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first sentence of their December 2017 attorney's fees request, Plaintiffs asserted: "This Court has completed its orders on the methodology for computing individual relief under the A+B reformation in this class action." Plaintiffs’ Notice of Value of Common Fund Recovery ("Plaintiffs’ 2017 Request for Attorney's Fees"), Ex. A to Cigna's Motion To Dismiss in No. 20-202 ("MTD"), at 1. Plaintiffs contended that they had computed "the value of the common fund recovery" "[i]n compliance with that methodology." Id. Plaintiffs also reported they would "deduct the fee award from the individual relief amounts and provide notice to the class of the benefits payable to them" after the court decided their fee request. Id.

Cigna disputed Plaintiffs’ common-fund calculation, so the district court convened a status conference to address that issue in July 2018. At that conference, Plaintiffs attempted to raise issues concerning the Methodology Orders. But the district court rebuffed Plaintiffs’ attempt, instructing the parties in no uncertain terms that the time for litigating those issues had come and gone. See Joint App'x in No. 20-202, at 646 ("[W]e're not going to relitigate methodology; and to the extent there are issues that could have been brought up in the motions related to methodology and weren't, it's really too late."). The district court declined to "act[ ] in response to what appears to be the Plaintiffs’ invitation for the relitigation of settled methodology disputes or perhaps new methodology disputes[.]" Id. at 671; see also id. at 652 ("I don't see that at this point we can or should be relitigating any of the methodology.").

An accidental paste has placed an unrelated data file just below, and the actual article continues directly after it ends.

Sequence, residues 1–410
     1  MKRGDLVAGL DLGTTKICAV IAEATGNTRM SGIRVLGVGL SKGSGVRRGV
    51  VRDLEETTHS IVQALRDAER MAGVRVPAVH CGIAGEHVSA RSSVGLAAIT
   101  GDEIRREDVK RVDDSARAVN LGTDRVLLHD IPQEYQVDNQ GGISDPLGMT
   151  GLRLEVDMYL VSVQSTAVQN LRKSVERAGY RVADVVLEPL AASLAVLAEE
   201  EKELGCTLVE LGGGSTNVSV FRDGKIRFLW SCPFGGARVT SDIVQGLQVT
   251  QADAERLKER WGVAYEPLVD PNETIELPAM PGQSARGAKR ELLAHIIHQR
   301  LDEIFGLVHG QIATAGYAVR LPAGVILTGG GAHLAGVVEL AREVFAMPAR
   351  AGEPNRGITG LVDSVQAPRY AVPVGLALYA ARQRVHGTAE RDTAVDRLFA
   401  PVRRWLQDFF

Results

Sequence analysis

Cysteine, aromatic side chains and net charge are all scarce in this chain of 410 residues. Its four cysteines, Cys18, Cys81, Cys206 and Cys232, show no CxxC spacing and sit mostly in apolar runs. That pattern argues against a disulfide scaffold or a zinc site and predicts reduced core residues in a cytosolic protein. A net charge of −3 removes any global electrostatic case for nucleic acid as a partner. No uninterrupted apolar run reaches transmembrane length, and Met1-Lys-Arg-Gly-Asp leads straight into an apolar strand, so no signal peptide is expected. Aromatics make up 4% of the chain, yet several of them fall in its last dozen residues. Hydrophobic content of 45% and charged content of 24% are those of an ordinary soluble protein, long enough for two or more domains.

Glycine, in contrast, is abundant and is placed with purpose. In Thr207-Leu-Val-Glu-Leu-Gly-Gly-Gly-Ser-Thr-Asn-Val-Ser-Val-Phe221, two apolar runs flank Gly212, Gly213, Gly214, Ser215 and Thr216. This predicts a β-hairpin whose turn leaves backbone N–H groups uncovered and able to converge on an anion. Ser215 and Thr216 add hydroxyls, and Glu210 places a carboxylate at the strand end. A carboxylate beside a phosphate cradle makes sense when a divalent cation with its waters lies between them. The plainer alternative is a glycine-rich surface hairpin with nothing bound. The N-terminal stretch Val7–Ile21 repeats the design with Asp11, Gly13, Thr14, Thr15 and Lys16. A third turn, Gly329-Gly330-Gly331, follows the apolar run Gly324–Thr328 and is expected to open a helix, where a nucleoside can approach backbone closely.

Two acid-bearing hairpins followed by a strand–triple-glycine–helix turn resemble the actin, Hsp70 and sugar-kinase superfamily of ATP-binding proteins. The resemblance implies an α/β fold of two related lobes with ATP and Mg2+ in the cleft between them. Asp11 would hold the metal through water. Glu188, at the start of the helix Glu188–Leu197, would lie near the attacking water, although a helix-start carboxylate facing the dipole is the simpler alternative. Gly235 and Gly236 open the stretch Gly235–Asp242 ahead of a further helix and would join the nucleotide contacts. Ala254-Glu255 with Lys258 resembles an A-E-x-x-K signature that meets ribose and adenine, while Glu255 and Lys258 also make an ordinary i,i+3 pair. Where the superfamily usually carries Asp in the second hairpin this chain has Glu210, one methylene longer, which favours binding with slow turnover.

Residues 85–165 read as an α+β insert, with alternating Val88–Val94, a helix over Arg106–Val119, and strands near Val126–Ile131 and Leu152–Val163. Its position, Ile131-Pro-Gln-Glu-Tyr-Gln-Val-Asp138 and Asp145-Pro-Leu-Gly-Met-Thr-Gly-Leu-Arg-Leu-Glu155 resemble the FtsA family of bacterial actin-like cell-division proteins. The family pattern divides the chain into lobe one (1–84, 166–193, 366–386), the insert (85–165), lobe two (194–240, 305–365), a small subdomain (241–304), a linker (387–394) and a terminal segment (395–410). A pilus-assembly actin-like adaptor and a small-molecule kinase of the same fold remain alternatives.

The district court later adopted Plaintiffs’ proposal for calculating attorney's fees. Amara v. Cigna Corp. (Amara X ), 2018 WL 5077894 (D. Conn. Oct. 17, 2018). In so doing, the district court recognized that the parties’ lingering dispute over attorney's fees prevented Cigna from paying A+B benefits. See id. at *1 ("The parties dispute the proper calculation of the present value of the common fund recovery, which must be determined in order for the Court to rule on Plaintiffs’ pending motion for attorney's fees, which in turn must be ruled on in order for remedy payments to begin issuing to class members."). The district court subsequently awarded attorney's fees, emphasizing that Cigna should "avoid further delay in remedy payments to class members." Amara v. Cigna Corp. (Amara XI , or the "Attorney's Fees Order"), 2018 WL 6242496, at *3 (D. Conn. Nov. 29, 2018).